July 27 (Reuters) - The glut of shale gas in the United States has been a double-edged sword for earnings this week, cutting into profit for producers such as Exxon Mobil and Chevron, but benefiting chemicals makers and power producers.
U.S. natural gas prices tumbled to their lowest in a decade during the second quarter as output from vast new shale rock fields overwhelmed demand.
For big buyers of gas, such as power producer Calpine Corp and chemicals maker LyondellBasell Industries NV , the drop below $2 per million British thermal units was a boon to profits.
LyondellBasell said its cost to produce ethylene, a key chemical used to make plastics and many other consumer goods, fell 46 percent in the United States during the second quarter.
That helped the company top Wall Street estimates, even as the weak economy dented its revenues, and its shares rose more than 9 percent in afternoon trading.
For Calpine, whose fleet of power plants relies heavily on natural gas, the cheap fuel helped it win market share from coal-fired power plants.
“Natural gas generation is becoming the preferred generation of choice since it is cheaper, more efficient, more flexible and environmentally cleaner than coal,” Calpine Chief Executive Jack Fusco told a conference call.
For decades, coal-fired power plants supplied about half the U.S. power market, but that has shrunk as vast new supplies of natural gas have come on line.
U.S. power production from natural gas matched the output from coal-fired plants for the first four months of 2012, with each of the fuels contributing 32 percent of the nation’s power, according to data released earlier this month by the Department of Energy’s Energy Information Administration.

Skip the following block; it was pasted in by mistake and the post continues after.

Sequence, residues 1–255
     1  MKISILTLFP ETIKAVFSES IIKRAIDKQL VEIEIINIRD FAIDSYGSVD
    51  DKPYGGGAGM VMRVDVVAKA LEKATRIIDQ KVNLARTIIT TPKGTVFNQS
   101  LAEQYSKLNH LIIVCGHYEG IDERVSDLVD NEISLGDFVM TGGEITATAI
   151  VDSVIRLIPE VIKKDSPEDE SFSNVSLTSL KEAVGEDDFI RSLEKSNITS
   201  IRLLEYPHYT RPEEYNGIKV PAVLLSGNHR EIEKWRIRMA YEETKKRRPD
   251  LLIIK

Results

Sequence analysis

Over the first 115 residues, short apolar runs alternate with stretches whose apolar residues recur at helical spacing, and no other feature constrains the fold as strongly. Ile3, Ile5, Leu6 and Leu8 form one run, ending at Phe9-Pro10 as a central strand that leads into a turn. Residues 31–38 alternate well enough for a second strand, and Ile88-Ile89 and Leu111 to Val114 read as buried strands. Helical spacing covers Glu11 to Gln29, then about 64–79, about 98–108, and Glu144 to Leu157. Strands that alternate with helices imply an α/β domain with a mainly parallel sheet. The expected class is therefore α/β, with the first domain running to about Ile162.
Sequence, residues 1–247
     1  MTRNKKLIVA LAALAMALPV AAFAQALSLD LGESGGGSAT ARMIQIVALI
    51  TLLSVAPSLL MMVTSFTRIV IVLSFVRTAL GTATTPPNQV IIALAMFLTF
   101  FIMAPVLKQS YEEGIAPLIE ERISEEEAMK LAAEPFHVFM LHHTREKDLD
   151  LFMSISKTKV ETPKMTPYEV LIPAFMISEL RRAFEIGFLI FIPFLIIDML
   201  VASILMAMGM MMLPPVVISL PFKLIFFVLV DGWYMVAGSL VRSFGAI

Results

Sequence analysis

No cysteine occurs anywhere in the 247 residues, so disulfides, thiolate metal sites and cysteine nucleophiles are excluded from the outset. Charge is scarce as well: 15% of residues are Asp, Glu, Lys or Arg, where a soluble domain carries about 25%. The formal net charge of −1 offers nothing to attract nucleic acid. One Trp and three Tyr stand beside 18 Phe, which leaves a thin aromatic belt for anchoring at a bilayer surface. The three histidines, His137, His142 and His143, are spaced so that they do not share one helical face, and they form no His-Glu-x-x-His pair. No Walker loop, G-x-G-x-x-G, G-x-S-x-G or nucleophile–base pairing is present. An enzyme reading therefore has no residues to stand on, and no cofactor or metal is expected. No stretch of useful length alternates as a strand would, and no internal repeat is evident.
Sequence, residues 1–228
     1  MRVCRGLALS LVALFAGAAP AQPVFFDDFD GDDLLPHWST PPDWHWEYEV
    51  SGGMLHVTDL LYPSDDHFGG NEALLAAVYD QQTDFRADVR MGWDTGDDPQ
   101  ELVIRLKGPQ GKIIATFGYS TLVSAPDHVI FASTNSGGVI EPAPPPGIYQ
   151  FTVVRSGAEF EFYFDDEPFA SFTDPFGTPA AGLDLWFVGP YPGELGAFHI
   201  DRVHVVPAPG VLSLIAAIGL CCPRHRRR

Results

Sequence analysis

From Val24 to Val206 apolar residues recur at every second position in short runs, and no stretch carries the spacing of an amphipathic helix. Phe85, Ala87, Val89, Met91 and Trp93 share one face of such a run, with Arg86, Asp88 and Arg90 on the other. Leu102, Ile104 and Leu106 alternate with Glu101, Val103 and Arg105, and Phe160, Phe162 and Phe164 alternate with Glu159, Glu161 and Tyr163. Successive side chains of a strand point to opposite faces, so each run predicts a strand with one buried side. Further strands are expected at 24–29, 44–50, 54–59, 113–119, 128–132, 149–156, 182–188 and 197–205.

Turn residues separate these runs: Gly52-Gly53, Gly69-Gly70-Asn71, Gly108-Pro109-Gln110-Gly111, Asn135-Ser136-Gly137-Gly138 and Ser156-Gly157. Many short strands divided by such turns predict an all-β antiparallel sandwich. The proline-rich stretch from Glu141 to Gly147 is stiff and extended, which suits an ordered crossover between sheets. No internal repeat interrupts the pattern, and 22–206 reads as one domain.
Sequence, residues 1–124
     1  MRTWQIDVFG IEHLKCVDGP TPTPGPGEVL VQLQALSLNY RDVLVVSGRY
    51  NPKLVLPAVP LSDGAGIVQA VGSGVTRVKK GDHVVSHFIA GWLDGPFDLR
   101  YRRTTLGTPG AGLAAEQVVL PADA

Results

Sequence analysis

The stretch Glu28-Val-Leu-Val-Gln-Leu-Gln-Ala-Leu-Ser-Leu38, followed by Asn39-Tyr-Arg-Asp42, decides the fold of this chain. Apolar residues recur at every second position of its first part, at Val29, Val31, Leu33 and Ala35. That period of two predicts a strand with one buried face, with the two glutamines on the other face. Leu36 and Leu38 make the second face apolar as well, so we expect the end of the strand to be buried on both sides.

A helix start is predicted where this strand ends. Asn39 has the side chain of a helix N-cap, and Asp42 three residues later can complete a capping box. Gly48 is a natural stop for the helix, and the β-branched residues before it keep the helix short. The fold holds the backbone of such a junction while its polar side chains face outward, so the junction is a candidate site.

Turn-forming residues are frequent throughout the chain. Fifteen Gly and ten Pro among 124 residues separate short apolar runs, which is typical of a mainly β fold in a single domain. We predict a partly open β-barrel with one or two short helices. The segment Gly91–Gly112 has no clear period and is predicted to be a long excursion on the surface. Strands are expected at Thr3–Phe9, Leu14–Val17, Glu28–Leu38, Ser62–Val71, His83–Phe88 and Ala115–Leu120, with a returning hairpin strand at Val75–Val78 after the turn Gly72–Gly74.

Still, natural gas prices have already started to rise, largely because companies such as Exxon Mobil Corp, Chevron Corp and other producers have chopped spending on new wells.
“It’s pure supply-demand economics,” said Mike Kelly, an analyst with Global Hunter Securities in Houston. “The cure for low gas prices is low gas prices.”
The cheap gas caused some acute pain for producers over the past few months.
Chevron, which boosted its U.S. natural gas presence with the $3.2 billion purchase of Atlas Energy last year, said its sales price for the fuel fell by 50 percent to $2.17 from a year ago.
Exxon Mobil, which jumped to the top among U.S. producers with its 2010 purchase XTO Energy, said its U.S. oil and gas earnings tumbled 53 percent, largely from the weakness in gas prices.
Exxon CEO Rex Tillerson has said the low prices in the second quarter did not cover production costs and told an audience in June that producers were “losing their shirts” in natural gas.
But the pain for the big producers is abating because natural gas prices have rebounded more than 20 percent since mid-June to about $3.04. NYMEX futures prices show the prices likely rising to $3.50 by the end of the year.
That rise cannot come soon enough for U.S. coal producers, whose shares have been hammered largely by the declining demand for electricity producing thermal coal.
So far this year, the Dow Jones U.S. Coal Index, which includes Alpha Natural Resources Inc, Peabody Energy Corp and Patriot Coal Corp, has plummeted 43 percent and hit a four-year low earlier this week.
Arch Coal Inc, which rallied 30 percent on Friday a fter dropping to a 12-year low on Thursday, posted a second quarter loss on Friday, largely due to costs associated with shutting down unprofitable mines.
But it still managed to beat the gloomy Wall Street forecasts and it held out hope the recent rise in natural gas prices would create an opening for its lower-priced Powder River Basin coal.
“We’re not bringing on a lot of additional production at this point,” CEO John Eaves told a conference call. “We’re not going to do that until we see more sustained demand moving forward. And, hopefully, we’ll see that in 2013, 2014.”